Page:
Finishing on top a poisoned chalice

Geelong Advertiser, Saturday 27 January 2007, p. 91.

Melbourne Victory won the home and away series, or the Minor Premiership, of the A-League by the length of a street or by twelve points, four games clear of its nearest challenger, Adelaide United.

In Europe, that would be enough to be crowned champion and progress to the next season’s international club championship.

But in Australia, following the example of the AFL, the Football Federation of Australia has decreed that the top four teams will play-off in a finals series to determine the Australian premier team.

Last year Adelaide United won the home and away series with a couple of games to spare but did not win another match, and Sydney FC, the glamour team led by Dwight Yorke, triumphed in the finals.

Some judges and Adelaide coach John Kosmina, think that the Victory will have the same experience this year.

In evidence they point to the fact that since it confirmed that top spot with four rounds to play, the Victory has drawn away to Perth and lost its other three games, the last by four goals to nil away to the Newcastle Jets.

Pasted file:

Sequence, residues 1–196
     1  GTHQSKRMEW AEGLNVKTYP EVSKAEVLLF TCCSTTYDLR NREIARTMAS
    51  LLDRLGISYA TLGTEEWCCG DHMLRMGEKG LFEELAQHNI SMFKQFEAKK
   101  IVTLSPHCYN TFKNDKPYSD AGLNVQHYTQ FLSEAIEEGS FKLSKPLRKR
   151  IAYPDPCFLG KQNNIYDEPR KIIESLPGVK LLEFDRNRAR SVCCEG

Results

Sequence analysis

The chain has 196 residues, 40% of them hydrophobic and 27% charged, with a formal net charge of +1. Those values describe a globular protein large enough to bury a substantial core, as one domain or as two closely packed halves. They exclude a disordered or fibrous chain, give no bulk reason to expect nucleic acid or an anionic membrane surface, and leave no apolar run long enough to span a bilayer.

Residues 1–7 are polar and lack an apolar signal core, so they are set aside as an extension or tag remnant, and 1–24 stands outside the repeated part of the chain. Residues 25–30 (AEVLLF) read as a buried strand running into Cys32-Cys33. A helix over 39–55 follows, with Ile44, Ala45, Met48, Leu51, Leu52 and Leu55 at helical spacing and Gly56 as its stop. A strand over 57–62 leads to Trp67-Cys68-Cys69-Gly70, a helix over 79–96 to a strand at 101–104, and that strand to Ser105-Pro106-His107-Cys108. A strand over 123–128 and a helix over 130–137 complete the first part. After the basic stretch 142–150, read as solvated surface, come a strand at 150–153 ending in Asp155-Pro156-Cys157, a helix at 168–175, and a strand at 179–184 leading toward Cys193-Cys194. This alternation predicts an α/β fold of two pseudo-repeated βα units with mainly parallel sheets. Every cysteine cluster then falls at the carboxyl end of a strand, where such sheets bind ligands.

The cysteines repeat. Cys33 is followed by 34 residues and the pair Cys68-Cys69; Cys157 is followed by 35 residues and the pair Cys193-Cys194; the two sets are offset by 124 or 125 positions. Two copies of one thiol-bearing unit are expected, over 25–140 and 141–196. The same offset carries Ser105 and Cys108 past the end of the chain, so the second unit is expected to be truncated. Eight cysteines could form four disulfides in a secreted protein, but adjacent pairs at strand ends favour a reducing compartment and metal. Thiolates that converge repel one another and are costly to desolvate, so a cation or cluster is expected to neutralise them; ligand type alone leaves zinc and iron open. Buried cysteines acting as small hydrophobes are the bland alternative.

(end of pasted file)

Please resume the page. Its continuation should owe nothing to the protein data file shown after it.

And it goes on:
It is not a prepossessing record and while coach Ernie Merrick says he has been rotating his team and overloading players in training for the finals, it does leave the fans wondering whether the Victory can suddenly switch back to winning football.

The concept of finals can produce exciting and highly competitive football, and it does attract Australian fans who are attuned to this mode of completing league competitions.

But it is not necessarily the best way of deciding who is the best team over a whole season, which is what the European first-past-the-post system undoubtedly does.

The Australian compromise is that the two teams who will represent the A-League in the Asian champions’ league are the league winner and the finals champion.

This year Adelaide United and Sydney FC will go forward into the champions’ league and next year, no matter what happens, Melbourne Victory, has booked its place with a year to plan for that and the chance to see what happens to our two representatives in 2007.

So it is, in this sense, a win for the Victory, but those who tune in to the English Premier League or Italy’s Serie A or Spain’s La Liga will still feel that Melbourne is already the champion of Australia by virtue of having won the home and away competition.

In this week-end’s matches, the Victory is away to Adelaide in the first leg of the major semi-final, with the winner over two games going into the grand final.

The loser will face the winner of the elimination minor semi-final between Newcastle Jets and Sydney FC, for a chance to play in the decider.

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